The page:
|Trade names||Compro, others|
|By mouth, rectal, IM, IV|
|Bioavailability||Unknown, but presumed substantial|
|Metabolism||Mainly hepatic (CYP2D6 and/or CYP3A4)|
|Elimination half-life||4–8 hours, differs with the method of administration|
|Excretion||Biliary, (colored) inactive metabolites in urine|
|Chemical and physical data|
|Molar mass||373.943 g/mol g·mol−1|
|3D model (JSmol)|
Prochlorperazine, sold under the brand name Compro among others, is a medication used to treat nausea, schizophrenia, migraines, and anxiety. It is a less preferred medication for anxiety. It maybe taken by mouth, rectally, injection into a vein, or injection into a muscle.
Common side effects include sleepiness, blurry vision, low blood pressure, and dizziness. Serious side effects may include movement disorders including tardive dyskinesia and neuroleptic malignant syndrome. Use in pregnancy and breastfeeding is generally not recommended. It is a typical antipsychotic which is believed to work by affecting levels of dopamine in the brain.
Prochlorperazine was approved for medical use in the United States in 1956. It is avaliable as a generic medication. A dose in the United Kingdom costs the NHS about 0.04 £ as of 2019. In the United States the wholesale cost of this amount is about 0.24 USD. In 2016 it was the 288th most prescribed medication in the United States with more than a million prescriptions.
Prochlorperazine is used to prevent vomiting caused by chemotherapy, radiation therapy and in the pre- and postoperative setting. A 2015 Cochrane review found no differences in efficacy among drugs commonly used for this purpose in emergency rooms.
In the UK, prochlorperazine is available for the treatment of nausea caused by migraine as a tablet dissolved in the mouth; it is sold as a "pharmacy medicine", meaning it does not require a prescription but is only available after talking with a pharmacist.
Sedation is very common, and extrapyramidal side effects are common and include restlessness, dystonic reactions, pseudoparkinsonism, and akathisia; the extrapyramidal symptoms can affect 2% of people at low doses, whereas higher doses may affect as many as 40% of people.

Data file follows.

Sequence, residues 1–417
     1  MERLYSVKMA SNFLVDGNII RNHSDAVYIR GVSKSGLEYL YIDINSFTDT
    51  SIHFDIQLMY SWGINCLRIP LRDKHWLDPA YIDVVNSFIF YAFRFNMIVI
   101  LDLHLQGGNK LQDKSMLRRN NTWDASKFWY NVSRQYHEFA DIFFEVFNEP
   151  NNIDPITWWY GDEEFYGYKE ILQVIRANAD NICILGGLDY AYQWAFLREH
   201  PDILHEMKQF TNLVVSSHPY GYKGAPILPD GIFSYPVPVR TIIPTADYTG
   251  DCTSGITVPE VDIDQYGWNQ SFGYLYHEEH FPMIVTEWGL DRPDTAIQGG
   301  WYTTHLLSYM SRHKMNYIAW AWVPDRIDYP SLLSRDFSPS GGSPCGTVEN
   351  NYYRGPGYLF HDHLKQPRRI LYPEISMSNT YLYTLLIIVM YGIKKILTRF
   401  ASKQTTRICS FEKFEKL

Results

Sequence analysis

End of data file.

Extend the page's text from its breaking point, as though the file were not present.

Prochlorperazine can also cause a life-threatening condition called neuroleptic malignant syndrome (NMS). Some symptoms of NMS include high fever, stiff muscles, neck muscle spasm, confusion, irregular pulse or blood pressure, fast heart rate (tachycardia), sweating, abnormal heart rhythms (arrhythmias). VA and FDA research show injection site reactions.
Adverse effects are similar in children.
Prochlorperazine is analogous to chlorpromazine, both of these agents antagonize dopaminergic D2 receptors in various pathways of the central nervous system. This D2 blockade results in antipsychotic, antiemetic and other effects. Hyperprolactinaemia is a side effect of dopamine antagonists as blockade of D2 receptors within the tuberoinfundibular pathway results in increased plasma levels of prolactin due to increased secretion by lactotrophs in the anterior pituitary.
Following intramuscular injection, the antiemetic action is evident within 5 to 10 minutes and lasts for 3 to 4 hours. Rapid action is also noted after buccal treatment. With oral dosing, the start of action is delayed but the duration somewhat longer (approximately 6 hours).
Prochlorperazine is available as tablets, suppositories, and in an injectable form.
As of September 2017 it was marketed under the trade names Ametil, Antinaus, Buccastem, Bukatel, Chlormeprazine, Chloropernazine, Compazine, Compro, Daolin, Dhaperazine, Emedrotec, Emetiral, Eminorm, Lotamin, Mitil, Mormal, Nautisol, Novamin, Novomit, Proazine, Procalm, Prochlorperazin, Prochlorperazine, Prochlorpérazine, Prochlorperazinum, Prochlozine, Proclorperazina, Promat, Promin, Promtil, Roumin, Scripto-metic, Seratil, Stemetil, Steremal, Vergon, Vestil, and Volimin.
Alexza Pharmaceuticals studied an inhaled form of prochlorperazine for the treatment of migraine through Phase II trials under the development name AT-001; development was discontinued in 2011.
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